Google challenges Android antitrust ruling in Indian Supreme Court

Google has filed a lawsuit in India’s Supreme Court to block a ruling by the country’s antitrust watchdog that will force the US company to change the way it markets its Android platform, court records show. released on Saturday.

India’s Competition Commission (ICC) in October fined unit Alphabet Inc $161 million for exploiting its dominance in the Android market, which powers 97% of smartphones in India and is a key growth region for the American giant. The challenge comes after Google suffered a setback on Wednesday when an appeals court rejected its request to block the antitrust ruling. The company argued that implementing the ICC guidelines would hurt its long-standing business model and consumer interests.

Supreme Court records show that Google challenged the court’s decision on Saturday. A hearing date has not yet been set. Reuters was first to report on Google’s planned strategy on Thursday.

Sources told Reuters earlier this week that Google is considering a legal challenge as its last hope to block the ICC ruling, whose guidelines forcing the company to change its business model take effect on January 19. Google’s Supreme Court filing aims to put the TCC’s decision on hold while its appeal is heard, a person familiar with the matter said Saturday.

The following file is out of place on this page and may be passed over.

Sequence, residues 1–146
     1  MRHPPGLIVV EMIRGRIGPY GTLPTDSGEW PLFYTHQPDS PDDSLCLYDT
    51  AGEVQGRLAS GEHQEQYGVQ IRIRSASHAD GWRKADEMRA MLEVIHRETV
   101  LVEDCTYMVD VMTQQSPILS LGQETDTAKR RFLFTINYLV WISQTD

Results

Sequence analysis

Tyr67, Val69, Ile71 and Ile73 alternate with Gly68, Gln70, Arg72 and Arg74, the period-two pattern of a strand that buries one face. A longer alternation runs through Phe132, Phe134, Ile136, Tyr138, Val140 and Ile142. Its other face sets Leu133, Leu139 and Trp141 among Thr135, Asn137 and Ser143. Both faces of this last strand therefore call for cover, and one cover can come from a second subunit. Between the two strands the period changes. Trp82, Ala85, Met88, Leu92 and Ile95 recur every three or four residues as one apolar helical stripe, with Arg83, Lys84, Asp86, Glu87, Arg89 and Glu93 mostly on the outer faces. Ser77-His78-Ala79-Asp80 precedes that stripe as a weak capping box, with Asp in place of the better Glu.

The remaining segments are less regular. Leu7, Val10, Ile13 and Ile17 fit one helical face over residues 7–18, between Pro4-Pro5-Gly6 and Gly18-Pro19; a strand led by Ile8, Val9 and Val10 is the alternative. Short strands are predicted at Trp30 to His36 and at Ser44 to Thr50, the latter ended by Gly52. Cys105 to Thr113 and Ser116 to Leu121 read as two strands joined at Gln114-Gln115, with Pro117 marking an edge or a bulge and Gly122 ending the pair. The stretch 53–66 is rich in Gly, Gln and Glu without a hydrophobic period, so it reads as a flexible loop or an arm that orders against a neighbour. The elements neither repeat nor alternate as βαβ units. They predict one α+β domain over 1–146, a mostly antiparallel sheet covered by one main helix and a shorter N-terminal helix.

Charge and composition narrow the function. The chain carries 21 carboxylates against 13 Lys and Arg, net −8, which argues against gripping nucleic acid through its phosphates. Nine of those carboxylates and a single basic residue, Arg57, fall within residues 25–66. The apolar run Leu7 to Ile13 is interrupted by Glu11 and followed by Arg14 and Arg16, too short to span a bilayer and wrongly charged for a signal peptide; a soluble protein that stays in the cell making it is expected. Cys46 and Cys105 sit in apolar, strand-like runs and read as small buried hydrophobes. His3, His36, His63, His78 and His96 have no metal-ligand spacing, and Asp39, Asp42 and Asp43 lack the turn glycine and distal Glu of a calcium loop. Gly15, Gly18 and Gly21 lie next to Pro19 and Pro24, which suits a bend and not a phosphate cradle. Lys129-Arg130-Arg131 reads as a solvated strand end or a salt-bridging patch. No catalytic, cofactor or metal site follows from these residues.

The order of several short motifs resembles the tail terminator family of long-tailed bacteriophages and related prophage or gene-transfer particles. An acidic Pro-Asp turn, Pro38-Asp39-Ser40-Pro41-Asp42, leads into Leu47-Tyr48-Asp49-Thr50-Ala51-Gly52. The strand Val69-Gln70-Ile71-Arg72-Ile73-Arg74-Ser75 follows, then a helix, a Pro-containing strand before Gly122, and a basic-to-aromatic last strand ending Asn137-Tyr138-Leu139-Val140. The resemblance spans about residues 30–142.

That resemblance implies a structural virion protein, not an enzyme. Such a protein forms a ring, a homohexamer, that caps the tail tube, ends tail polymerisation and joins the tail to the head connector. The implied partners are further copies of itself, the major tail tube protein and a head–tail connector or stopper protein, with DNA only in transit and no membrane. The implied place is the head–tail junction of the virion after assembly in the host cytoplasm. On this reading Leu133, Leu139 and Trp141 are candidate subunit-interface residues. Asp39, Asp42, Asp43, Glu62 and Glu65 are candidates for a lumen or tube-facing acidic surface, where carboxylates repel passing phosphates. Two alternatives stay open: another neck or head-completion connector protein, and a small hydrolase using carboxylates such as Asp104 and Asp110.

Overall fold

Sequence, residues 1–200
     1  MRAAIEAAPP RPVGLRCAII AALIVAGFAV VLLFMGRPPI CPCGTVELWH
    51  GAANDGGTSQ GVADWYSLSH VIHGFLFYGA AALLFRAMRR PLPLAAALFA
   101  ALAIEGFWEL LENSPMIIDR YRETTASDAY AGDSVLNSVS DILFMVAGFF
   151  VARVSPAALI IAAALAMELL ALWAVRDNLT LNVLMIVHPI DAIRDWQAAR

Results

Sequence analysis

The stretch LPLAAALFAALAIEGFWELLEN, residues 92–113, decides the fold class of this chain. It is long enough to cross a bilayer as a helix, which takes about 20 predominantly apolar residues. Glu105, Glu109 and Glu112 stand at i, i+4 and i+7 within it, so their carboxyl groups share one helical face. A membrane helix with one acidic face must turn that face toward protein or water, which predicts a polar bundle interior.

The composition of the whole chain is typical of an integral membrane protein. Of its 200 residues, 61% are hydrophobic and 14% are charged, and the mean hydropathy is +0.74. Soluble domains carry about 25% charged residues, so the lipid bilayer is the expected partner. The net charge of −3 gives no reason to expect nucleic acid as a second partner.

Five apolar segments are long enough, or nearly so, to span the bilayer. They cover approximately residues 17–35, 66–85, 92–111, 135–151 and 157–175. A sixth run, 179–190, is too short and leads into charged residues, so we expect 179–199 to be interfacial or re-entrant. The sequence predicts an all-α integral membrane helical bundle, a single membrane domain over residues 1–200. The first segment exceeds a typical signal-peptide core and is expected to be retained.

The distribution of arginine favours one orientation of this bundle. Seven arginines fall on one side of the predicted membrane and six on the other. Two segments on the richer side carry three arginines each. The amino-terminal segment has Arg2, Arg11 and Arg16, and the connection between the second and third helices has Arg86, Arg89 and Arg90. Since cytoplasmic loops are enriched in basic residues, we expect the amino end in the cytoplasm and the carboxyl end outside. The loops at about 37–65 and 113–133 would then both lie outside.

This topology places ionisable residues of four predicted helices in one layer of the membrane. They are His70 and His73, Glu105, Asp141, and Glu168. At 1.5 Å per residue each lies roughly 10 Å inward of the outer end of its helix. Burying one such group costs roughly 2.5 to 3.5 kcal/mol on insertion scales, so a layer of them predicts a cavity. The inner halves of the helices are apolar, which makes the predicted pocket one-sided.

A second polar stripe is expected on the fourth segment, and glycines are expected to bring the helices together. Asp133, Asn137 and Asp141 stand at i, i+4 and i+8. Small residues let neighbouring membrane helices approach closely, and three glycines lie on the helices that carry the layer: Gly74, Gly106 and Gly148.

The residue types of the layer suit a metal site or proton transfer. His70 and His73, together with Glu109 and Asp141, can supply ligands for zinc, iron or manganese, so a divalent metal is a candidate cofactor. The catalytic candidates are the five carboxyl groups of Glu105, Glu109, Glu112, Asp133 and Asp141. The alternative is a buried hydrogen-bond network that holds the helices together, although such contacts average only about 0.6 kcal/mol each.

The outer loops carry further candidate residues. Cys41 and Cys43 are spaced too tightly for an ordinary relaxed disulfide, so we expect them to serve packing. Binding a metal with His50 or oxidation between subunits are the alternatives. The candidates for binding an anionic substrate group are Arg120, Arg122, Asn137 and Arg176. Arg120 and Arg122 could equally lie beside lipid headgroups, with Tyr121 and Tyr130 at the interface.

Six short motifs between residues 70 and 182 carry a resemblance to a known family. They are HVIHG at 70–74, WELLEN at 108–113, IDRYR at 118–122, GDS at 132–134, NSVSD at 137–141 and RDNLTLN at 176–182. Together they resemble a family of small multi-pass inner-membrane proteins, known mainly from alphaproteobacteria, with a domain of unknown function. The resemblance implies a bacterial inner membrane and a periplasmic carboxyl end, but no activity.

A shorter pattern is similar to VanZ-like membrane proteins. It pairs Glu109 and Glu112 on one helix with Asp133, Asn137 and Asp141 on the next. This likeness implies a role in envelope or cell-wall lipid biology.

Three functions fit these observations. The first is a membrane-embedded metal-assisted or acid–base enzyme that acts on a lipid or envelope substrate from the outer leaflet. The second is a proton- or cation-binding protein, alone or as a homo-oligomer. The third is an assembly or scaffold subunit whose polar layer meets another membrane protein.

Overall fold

Google is concerned about the Indian ruling as the remedies ordered are seen as more sweeping than the European Commission’s landmark 2018 ruling for imposing illegal restrictions on Android mobile device makers. Google challenged the record $4.3 billion fine in the case. A Google spokesperson did not immediately respond.

The ICC decided in October that Google’s license for its Play Store “will not be linked to the obligation to pre-install” Google search services, the Chrome browser, YouTube or any other Google application.

(This story has not been edited by the Devdiscourse team and is auto-generated from a syndicated feed.)